It is clear that making our world more senior friendly is merely an extension of making the world a more caring and better place for everyone.
Mackenzie Health (Formerly York Central Hospital) held its 7th Annual Seniors Clinic Day (for health care professionals) on Thursday October 10th, 2013. The conference was centred around making hospitals more senior friendly.
Mosaic was one of many community exhibitors invited to the event to provide conference attendees with information on services and resources available for seniors in the community.
What interested me was how hospitals are becoming more and more senior friendly and I thought I would take the time to raise this particular profile in this post.
From the Senior Friendly Hospitals.ca website :“Hospitalization can be a pivotal event in a frail senior’s life. It can add years and quality to life, or create complications that result in a difficult-to-reverse decline in physical or cognitive function. Without senior friendly processes in place, seniors may also have higher rates of adverse events, surgical complications, and nosocomial infections. Poor outcomes can result, such as increased length of stay, re-admission to hospital, decreased capacity for independent living, and reduced quality of life.”
The evidence also informs us that a systemic approach to the care of frail seniors, one that considers the influences of the entire care-giving environment, is associated with positive outcomes. Building upon this evidence, the Regional Geriatric Programs of Ontario have developed and endorse a Senior Friendly Hospital framework to promote an organization-wide approach in service planning and care for seniors. Some of the services they provide on the senior level but not limited to the many other programs they offer for all ages are:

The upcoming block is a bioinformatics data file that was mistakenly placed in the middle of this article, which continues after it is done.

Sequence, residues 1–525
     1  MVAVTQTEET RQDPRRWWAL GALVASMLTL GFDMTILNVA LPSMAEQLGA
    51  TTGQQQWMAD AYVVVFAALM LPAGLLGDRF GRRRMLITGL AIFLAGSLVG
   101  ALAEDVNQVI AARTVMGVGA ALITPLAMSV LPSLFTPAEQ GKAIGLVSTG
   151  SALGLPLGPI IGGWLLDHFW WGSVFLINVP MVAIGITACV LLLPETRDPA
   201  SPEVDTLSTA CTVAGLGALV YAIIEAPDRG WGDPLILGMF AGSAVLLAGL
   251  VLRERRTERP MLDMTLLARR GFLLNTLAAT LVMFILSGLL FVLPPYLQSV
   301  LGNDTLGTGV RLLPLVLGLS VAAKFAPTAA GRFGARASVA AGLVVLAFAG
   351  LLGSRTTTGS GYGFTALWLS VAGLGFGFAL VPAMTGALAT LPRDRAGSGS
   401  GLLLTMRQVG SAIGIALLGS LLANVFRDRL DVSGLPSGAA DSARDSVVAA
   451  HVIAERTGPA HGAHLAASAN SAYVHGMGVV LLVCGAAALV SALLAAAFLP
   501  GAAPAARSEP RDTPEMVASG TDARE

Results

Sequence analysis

Mackenzie Health also have an interesting program in place, The Hospital Elder Life Program (HELP),
HELP) is an innovative, friendly, visitor volunteer initiative designed to enhance the care of older adults while they are hospitalized. It is easy for older persons to lose their bearings and experience a decline in mental and physical abilities while in hospital. Research has demonstrated that these declines are often preventable. HELP is a quality enhancement program whose mission is to prevent older patients from a decline in both their physical and mental/cognitive abilities during their hospital stay.Older patients find particular comfort in the assistance of well trained, calm, patient and caring lay people. Under the direction and supervision of expert staff, specially trained volunteers can significantly prevent declines in both mental/cognitive and physical functioning.
It is clear that making our world more senior friendly is merely an extension of making the world a more caring and better place for everyone. We already have the expertise, the wider resources (and I am talking beyond the financial requirements) and the will. All we need is the organisation and the communication to deliver and this is being developed and delivered. At Mosaic we believe that every individual and organisation has a role to play in this particularly complex mosaic.
I also met Cathy from for Mackenzie Health who had a healthy eating exhibit (according to Cathy the bottom line in healthy eating is cooking from scratch) and who is interested in coming to Mosaic’s community resource centre to do a presentation for the community on healthy eating.
Important sites on this topic: